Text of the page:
Japan’s exports to the United States rose for the ninth consecutive month in July on a year-over-year basis, increasing 4.7 percent to $11.78 billion, according to preliminary figures released by the Finance Ministry on Wednesday.
Japan’s imports from the U.S. rose for the first time in two months in July on a year-on-year basis, growing 7.6 percent to $6.46 billion. As a result, Japan’s trade surplus with the U.S. expanded for six months in a row in July, widening 1.4 percent from a year earlier to $5.32 billion.
The July growth in U.S.-bound shipments was led by autos, construction and mining machinery and heavy electrical machinery, which soared 14.1 percent, 55.2 percent and 42.5 percent, respectively, in terms of value.
The growth in imports from the U.S. was led by aircraft, medical products and audio visual equipment, which surged 447.6 percent, 17.4 percent and 104.2 percent, respectively, in terms of value.
Japan’s exports to the rest of the world decreased for the second straight month in July on a year-on-year basis, tumbling 8.1 percent to $67.00 billion, while its overall imports rose for the first time in two months, increasing 2.1 percent to $73.53 billion.
As a result, Japan posted a deficit of $6.52 billion in its trade with the rest of the world in July. It was the first trade deficit in two months and the largest deficit on record for the month of July.
Japan’s overall exports sank due to weaker demand for its products amid the slowing global economy. Shipments to the European Union (EU) and China posted particularly big declines of 25.1 percent and 11.9 percent, respectively. The year-on-year pace of decline in Japan’s overall exports in July was much faster than 2.3 percent in June.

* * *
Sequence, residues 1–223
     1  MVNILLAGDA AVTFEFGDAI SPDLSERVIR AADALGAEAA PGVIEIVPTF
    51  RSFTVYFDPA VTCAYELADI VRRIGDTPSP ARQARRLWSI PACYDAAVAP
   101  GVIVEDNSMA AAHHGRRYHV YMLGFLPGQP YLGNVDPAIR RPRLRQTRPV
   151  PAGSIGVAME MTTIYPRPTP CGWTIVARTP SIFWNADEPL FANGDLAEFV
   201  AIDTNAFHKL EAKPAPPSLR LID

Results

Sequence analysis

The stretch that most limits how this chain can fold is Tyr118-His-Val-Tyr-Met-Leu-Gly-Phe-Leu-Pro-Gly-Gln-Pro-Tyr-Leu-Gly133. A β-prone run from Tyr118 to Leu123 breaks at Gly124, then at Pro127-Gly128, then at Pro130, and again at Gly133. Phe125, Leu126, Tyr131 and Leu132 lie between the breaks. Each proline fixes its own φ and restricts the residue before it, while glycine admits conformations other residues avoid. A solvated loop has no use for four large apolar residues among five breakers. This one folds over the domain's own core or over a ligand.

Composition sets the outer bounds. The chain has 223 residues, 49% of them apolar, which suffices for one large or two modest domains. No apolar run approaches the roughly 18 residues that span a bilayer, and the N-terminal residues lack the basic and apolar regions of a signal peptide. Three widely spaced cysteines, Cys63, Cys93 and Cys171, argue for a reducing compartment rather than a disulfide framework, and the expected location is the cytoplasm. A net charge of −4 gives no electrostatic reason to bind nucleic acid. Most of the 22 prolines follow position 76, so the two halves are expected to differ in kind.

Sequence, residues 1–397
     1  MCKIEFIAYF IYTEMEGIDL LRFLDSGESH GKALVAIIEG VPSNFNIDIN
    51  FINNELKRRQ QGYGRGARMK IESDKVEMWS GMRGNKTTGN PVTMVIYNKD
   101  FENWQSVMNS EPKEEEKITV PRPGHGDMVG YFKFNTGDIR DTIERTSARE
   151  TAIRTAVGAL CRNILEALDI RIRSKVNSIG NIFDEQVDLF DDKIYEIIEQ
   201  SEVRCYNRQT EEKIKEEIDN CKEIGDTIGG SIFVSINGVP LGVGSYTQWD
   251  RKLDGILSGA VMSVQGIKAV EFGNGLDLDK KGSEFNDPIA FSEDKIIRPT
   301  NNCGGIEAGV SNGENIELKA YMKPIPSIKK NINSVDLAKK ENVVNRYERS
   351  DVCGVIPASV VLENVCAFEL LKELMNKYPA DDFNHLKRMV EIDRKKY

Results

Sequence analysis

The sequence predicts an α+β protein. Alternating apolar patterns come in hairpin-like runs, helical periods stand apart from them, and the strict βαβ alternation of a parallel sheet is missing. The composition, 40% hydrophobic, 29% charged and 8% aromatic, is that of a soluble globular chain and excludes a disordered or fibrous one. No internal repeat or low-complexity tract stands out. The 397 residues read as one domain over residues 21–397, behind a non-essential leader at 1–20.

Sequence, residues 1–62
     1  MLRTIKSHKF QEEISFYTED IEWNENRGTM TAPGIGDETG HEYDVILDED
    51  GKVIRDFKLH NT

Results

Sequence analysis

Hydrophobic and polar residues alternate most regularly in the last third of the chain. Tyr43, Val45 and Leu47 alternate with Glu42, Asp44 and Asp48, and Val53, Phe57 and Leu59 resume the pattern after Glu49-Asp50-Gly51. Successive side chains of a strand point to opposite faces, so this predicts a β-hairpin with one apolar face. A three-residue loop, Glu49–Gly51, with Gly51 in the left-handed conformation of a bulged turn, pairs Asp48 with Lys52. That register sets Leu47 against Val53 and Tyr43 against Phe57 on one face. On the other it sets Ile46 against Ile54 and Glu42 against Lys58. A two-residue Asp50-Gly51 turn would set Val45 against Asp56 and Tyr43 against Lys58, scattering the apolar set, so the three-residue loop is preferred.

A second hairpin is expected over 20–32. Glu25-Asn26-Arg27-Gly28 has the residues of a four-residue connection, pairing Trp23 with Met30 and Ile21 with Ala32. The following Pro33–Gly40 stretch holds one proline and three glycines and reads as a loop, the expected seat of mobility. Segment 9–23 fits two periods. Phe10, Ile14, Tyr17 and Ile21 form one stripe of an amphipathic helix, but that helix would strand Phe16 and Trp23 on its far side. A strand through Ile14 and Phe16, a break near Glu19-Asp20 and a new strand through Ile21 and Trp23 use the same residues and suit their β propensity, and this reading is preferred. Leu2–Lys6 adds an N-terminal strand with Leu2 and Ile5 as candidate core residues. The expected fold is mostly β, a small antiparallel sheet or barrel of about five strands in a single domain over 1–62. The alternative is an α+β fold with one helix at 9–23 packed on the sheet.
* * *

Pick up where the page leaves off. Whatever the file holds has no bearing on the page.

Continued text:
Japan is now the world’s third-largest economy after the U.S. and China and is heavily dependent on exports for growth. The U.S. is Japan’s second-largest trading partner after China.
The July growth in Japan’s overall imports was primarily fueled by liquefied natural gas (LNG), which ballooned 24.2 percent in terms of value. Japan’s imports of LNG as an alternative fuel to atomic power have continued to grow since last year’s nuclear crisis at Tokyo Electric Power Co.’s Fukushima No. 1 nuclear power plant.
Resource-poor Japan imports almost all of its oil and natural gas. The country imports natural gas in the form of LNG and is by far the world’s largest importer of the cleaner-burning fuel.
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